Cumberland Trail Park Manager Bob Fulcher said in a phone interview he hopes to acquire the last pieces of private land for the trail within about two years. He estimated there were about 40 miles of trail that would be left to build before a grand opening, and it’s possible these sections will be ready within two to four years.
“I’m thrilled with where we are. I mean, it’s taken a long time to get here, 50 years. And it won’t take us 50 more to finish,” Fulcher said. He was speaking of the designation of the trail as a state scenic trail in 1971, although he pointed out efforts to build the trail predate that point.
He said the trail’s completion may depend on the availability of state funds, but in recent years the state of Tennessee has been supportive.
“We’ll have some hurdles that we may not see ahead. We don’t know where they are,” he said. “I believe. I’m optimistic that we have a clear path toward opening the Cumberland Trail.”
Many segments of the trail already exist, going up mountains and down into gorges, letting hikers see sandstone cliffs, roaring rivers and grand vistas.
These stretches are available for both backcountry camping and for day hikes, even if there are still some pieces left to assemble.
The Cumberland Trail is just a small part of the Great Eastern Trail, which is also a work in progress, and will eventually connect New York to Florida. It will serve as an alternative north to south route to the Appalachian Trail and connect to several other long-distance routes. Here in Tennessee, the trail is designated a Tennessee state park, specifically the Justin P. Wilson Cumberland Scenic Trail State Park.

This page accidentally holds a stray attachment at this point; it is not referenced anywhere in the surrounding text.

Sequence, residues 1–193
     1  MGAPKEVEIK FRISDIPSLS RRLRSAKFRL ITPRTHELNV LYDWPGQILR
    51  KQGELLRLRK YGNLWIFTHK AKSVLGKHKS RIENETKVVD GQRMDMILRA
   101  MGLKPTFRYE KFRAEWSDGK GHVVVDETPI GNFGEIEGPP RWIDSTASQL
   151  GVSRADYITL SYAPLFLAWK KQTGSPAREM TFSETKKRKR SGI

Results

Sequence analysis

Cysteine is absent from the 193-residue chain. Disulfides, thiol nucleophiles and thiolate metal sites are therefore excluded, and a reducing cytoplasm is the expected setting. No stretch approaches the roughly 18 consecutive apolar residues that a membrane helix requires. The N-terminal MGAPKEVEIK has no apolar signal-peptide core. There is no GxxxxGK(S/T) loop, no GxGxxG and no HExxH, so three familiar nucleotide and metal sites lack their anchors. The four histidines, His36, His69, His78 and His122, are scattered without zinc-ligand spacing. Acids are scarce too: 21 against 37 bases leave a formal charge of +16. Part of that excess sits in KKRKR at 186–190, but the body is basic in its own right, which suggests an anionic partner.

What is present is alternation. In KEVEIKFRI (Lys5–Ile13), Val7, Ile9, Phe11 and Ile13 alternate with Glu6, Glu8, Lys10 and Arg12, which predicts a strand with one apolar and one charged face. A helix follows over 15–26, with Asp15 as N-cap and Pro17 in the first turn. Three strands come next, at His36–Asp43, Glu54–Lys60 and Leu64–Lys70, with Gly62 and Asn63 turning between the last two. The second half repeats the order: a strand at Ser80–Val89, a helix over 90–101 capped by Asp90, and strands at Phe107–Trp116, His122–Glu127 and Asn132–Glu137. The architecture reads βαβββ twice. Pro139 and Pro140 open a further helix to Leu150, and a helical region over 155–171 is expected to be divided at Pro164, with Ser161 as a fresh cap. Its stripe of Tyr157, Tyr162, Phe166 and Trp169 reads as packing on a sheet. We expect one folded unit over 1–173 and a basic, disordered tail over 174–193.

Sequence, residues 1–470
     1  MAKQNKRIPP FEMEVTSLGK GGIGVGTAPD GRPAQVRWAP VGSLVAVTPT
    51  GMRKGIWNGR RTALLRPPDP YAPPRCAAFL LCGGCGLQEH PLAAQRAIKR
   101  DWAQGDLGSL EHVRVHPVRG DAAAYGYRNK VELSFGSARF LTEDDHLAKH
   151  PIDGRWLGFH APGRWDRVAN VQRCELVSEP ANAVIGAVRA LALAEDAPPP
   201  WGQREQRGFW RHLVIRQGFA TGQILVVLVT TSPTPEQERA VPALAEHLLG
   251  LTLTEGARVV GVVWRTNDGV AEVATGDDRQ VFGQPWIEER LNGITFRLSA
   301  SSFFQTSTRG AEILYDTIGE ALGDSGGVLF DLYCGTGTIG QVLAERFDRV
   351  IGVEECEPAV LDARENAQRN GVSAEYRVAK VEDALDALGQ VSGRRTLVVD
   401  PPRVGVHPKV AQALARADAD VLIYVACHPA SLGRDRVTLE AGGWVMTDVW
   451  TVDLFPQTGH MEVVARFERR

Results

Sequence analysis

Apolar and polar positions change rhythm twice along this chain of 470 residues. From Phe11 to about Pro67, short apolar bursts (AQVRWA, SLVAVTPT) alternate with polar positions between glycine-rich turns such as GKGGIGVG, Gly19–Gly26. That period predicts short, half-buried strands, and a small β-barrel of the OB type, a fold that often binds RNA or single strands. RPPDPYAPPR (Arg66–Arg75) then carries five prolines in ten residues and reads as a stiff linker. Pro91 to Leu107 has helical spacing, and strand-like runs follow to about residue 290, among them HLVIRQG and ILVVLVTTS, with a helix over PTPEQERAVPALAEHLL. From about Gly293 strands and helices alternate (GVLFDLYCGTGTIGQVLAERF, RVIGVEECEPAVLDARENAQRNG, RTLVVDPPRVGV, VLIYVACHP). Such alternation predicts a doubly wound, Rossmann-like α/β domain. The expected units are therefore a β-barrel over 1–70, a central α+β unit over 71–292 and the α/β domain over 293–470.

Fulcher said various volunteers with groups like Cumberland Trail Conference and Tennessee Trails Association, the state park service, the Tennessee National Guard and Americorps had been working on the trail.
“There are just very short sections of trail that have not been built,” he said.
These sections include two miles between the Piney River trailhead and Ozone Falls trailhead, for instance. Another area in which more trail will need to be built is around Crab Orchard Mountain — commonly called Lone Star after the limestone company that owned it. The trail will go along the mountain’s base and to the crest. Fulcher said he preferred to use the older name, Crab Orchard, for the mountain.
He also described “quite a few miles” in the Piney River Gorge area that have yet to be completed.
Fulcher said that even after a grand opening of the trail, there could be more rerouting, as has happened with the Appalachian Trail.
Some recent segments
The official Great Eastern Trail newsletter this spring announced several recently completed sections of the trail. They include a new segment in the Catoosa Wildlife Management Area on the west side of Daddy’s Creek. It runs between the Devil’s Breakfast Table — a large mushroom-type rock formation — and Peavine Road. Hikers can walk the road from there along Hebbertsberg and Keys roads from where the previously open trail continues.
Another section between Black Mountain and Ozone Falls is open. This entire section is 6.7 miles, CTC chairman Frank Jamison confirmed by email.
Yet another new piece runs from Hall Road to Barker Pounds, which includes views of Hellican Peak.